IDEAS home Printed from
MyIDEAS: Login to save this article or follow this journal

Efficiency and Information Aggregation in Auctions

  • Jeroen M. Swinkels
  • Wolfgang Pesendorfer

The tension between allocative efficiency and information aggregation is explored in the context of an auction: k identical objects of unknown quality are auctioned off to n bidders whose tastes affect their valuation of an object of given quality. Bidders receive a signal about the quality of the objects. The k highest bidders get an object and pay a price equal to the k + first highest bid. We find conditions under which, in the limit, objects are allocated efficiently to those with the highest tastes, and price converges in probability to the value of an object to the marginal taste type.

If you experience problems downloading a file, check if you have the proper application to view it first. In case of further problems read the IDEAS help page. Note that these files are not on the IDEAS site. Please be patient as the files may be large.

File URL:
Download Restriction: Access to full text is restricted to AEA members and institutional subscribers.

As the access to this document is restricted, you may want to look for a different version under "Related research" (further below) or search for a different version of it.

Article provided by American Economic Association in its journal American Economic Review.

Volume (Year): 90 (2000)
Issue (Month): 3 (June)
Pages: 499-525

in new window

Handle: RePEc:aea:aecrev:v:90:y:2000:i:3:p:499-525
Note: DOI: 10.1257/aer.90.3.499
Contact details of provider: Web page:

More information through EDIRC

Order Information: Web:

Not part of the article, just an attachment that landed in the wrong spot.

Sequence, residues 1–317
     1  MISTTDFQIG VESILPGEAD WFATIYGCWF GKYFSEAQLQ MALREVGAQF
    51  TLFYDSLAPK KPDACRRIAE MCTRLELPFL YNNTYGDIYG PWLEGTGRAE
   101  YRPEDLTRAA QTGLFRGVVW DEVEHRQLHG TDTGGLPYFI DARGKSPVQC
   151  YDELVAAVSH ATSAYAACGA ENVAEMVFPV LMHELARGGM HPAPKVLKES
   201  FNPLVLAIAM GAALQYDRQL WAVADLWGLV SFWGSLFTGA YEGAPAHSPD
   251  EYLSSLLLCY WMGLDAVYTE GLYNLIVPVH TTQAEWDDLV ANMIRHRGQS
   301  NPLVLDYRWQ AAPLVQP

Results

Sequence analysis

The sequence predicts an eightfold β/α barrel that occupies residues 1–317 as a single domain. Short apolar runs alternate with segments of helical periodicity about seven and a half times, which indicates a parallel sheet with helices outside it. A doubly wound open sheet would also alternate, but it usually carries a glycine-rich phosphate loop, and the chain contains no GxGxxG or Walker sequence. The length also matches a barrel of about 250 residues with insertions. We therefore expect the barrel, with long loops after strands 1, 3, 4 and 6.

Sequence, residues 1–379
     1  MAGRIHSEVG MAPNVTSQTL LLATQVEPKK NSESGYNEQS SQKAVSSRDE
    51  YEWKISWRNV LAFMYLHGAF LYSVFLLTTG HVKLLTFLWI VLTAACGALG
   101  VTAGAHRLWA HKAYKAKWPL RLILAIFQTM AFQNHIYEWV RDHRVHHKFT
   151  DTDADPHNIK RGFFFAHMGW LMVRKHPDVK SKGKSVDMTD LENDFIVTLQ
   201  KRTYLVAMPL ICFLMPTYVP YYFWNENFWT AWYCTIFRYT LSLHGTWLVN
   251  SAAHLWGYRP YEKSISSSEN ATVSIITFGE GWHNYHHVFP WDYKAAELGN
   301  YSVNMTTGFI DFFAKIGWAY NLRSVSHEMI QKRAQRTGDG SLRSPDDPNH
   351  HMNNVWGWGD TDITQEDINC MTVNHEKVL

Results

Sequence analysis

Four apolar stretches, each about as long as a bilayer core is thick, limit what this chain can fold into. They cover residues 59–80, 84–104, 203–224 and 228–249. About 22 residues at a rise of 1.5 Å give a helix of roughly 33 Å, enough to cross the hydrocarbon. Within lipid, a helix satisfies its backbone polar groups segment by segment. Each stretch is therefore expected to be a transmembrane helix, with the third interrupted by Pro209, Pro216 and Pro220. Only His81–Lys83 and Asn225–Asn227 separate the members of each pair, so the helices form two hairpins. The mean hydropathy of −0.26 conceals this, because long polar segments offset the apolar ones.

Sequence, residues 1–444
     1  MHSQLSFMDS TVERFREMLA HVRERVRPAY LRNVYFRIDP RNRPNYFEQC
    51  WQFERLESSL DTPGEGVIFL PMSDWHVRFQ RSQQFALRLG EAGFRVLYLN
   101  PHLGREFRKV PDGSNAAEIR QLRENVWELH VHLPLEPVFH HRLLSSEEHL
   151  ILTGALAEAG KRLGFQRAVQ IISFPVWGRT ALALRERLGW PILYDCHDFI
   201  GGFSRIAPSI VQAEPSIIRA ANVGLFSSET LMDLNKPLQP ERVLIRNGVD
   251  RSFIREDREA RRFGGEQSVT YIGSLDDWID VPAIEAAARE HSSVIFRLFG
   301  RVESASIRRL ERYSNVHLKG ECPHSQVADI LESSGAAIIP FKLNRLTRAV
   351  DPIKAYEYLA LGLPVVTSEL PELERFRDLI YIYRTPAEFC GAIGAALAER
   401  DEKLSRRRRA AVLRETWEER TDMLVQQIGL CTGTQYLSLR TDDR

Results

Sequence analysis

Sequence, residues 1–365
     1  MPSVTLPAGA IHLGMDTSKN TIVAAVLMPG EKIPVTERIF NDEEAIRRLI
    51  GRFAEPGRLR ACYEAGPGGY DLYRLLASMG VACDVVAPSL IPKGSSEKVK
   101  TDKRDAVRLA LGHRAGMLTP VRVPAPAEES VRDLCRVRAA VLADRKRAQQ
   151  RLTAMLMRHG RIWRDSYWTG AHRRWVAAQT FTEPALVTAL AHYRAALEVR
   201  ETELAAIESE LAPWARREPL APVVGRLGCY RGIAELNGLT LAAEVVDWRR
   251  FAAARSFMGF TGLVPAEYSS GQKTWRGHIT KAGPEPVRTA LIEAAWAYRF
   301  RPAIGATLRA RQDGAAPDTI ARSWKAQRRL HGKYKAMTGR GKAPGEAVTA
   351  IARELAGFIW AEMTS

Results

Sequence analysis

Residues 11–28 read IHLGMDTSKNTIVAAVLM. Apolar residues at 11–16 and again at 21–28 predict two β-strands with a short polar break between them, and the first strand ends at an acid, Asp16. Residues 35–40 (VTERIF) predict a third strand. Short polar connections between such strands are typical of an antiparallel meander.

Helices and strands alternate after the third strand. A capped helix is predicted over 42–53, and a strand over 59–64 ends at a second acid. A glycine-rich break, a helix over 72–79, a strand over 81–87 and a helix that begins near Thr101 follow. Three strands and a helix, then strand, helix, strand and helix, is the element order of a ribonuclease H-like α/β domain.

References listed on IDEAS
Please report citation or reference errors to , or , if you are the registered author of the cited work, log in to your RePEc Author Service profile, click on "citations" and make appropriate adjustments.:

as in new window
  1. repec:oup:restud:v:44:y:1977:i:3:p:511-18 is not listed on IDEAS
  2. Timothy Feddersen & Wolfgang Pesendorfer, 1997. "Voting Behavior and Information Aggregation in Elections With Private Information," Levine's Working Paper Archive 1560, David K. Levine.
  3. Grossman, Sanford J & Stiglitz, Joseph E, 1976. "Information and Competitive Price Systems," American Economic Review, American Economic Association, vol. 66(2), pages 246-53, May.
  4. Wolfgang Pesendorfer & Jeroen M. Swinkels, 1996. "Efficiency and Information Aggregation in Auctions," Discussion Papers 1168, Northwestern University, Center for Mathematical Studies in Economics and Management Science.
  5. Paul Milgrom & Robert J. Weber, 1981. "A Theory of Auctions and Competitive Bidding," Discussion Papers 447R, Northwestern University, Center for Mathematical Studies in Economics and Management Science.
  6. Milgrom, Paul R, 1979. "A Convergence Theorem for Competitive Bidding with Differential Information," Econometrica, Econometric Society, vol. 47(3), pages 679-88, May.
  7. Haile,P.A., 1999. "Auctions with resale," Working papers 33, Wisconsin Madison - Social Systems.
Full references (including those not matched with items on IDEAS)

This item is not listed on Wikipedia, on a reading list or among the top items on IDEAS.

When requesting a correction, please mention this item's handle: RePEc:aea:aecrev:v:90:y:2000:i:3:p:499-525. See general information about how to correct material in RePEc.

For technical questions regarding this item, or to correct its authors, title, abstract, bibliographic or download information, contact: (Jane Voros)

or (Michael P. Albert)

If you have authored this item and are not yet registered with RePEc, we encourage you to do it here. This allows to link your profile to this item. It also allows you to accept potential citations to this item that we are uncertain about.

If references are entirely missing, you can add them using this form.

If the full references list an item that is present in RePEc, but the system did not link to it, you can help with this form.

If you know of missing items citing this one, you can help us creating those links by adding the relevant references in the same way as above, for each refering item. If you are a registered author of this item, you may also want to check the "citations" tab in your profile, as there may be some citations waiting for confirmation.

Please note that corrections may take a couple of weeks to filter through the various RePEc services.

This information is provided to you by IDEAS at the Research Division of the Federal Reserve Bank of St. Louis using RePEc data.